The Clean Air Act rules don’t impose a duty on California’s heavily polluted South Coast and San Joaquin Valley attain the targeted clean air standards only that they have to demonstrate they have a plan that could achieve the goal by a certain date.
That’s what Environmental Protection Agency lawyer Amanda Berman argued Wednesday in the 9th U.S. Circuit Court of Appeals. She was defending the EPA handling of the plan as to control smog in the congested Southern California region.
“I know it sounds counterintuitive,” Berman said. She argued that environmentalists missed their deadline to sue over this.
Environmental groups, including Earthjustice, the Sierra Club and Medical Advocates for Healthy Air attacked the EPA’s failure to impose more stringent requirements on the region when it failed to meet November 2010 reduced ozone level goals set in 1990.
Failure to trigger the prescriptive requirements injured the plaintiffs, argued Paul Cort the Earthjustice attorney.
The 9th Circuit panel seemed to side with the EPA, focusing most of the argument on whether the environmental groups could even get in the courthouse door. The panel questioned whether Cort’s clients had waited too long to sue and whether any plaintiff had actually been injured, thus giving them a right to sue.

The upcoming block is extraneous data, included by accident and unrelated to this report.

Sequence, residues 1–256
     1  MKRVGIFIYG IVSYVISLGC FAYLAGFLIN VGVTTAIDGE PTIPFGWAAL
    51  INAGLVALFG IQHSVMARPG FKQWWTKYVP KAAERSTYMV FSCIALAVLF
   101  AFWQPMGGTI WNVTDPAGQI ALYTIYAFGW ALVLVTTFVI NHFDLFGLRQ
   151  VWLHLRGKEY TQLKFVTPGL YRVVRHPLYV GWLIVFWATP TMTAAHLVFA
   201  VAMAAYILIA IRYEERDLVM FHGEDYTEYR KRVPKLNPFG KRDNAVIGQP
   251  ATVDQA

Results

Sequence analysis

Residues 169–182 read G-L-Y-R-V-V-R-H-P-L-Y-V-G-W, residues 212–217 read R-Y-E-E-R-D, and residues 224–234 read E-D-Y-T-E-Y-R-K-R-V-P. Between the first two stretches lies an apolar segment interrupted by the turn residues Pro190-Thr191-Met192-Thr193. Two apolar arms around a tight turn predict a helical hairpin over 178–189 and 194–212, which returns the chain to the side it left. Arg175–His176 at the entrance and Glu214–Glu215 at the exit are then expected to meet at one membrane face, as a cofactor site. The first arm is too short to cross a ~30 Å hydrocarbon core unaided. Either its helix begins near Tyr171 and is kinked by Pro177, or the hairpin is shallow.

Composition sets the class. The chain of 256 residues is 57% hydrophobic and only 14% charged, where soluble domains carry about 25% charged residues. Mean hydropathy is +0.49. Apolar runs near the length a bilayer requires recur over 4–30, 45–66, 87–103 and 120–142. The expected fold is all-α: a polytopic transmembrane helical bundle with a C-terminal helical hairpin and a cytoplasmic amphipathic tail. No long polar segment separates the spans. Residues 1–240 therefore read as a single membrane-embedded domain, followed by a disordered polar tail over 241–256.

“Timeliness suggests you had 60 days to sue after the 2004 [EPA] determination,” said Judge Diarmuid O’Scannlain.
The lawsuit was not filed until 2012.
Judge Jerome Farris confronted Cort about the jurisdiction and plaintiffs’ standing to sue. “You have two problems, time and standing. You may think you’ve refuted both of them, but at least a third of this court thinks you’ve refuted neither of them.”
Farris asked Berman what the panel’s bottom line should be, outright dismissal?
“The case should be dismissed as time barred or for a lack of standing, whichever is more important to the court,” she said.
Berman argued that an EPA decision in 2011 on how to proceed “closed the door” on the groups when they failed to sue within the limited time period.
Case: Medical Advocates for Healthy Air v. EPA, 12-70630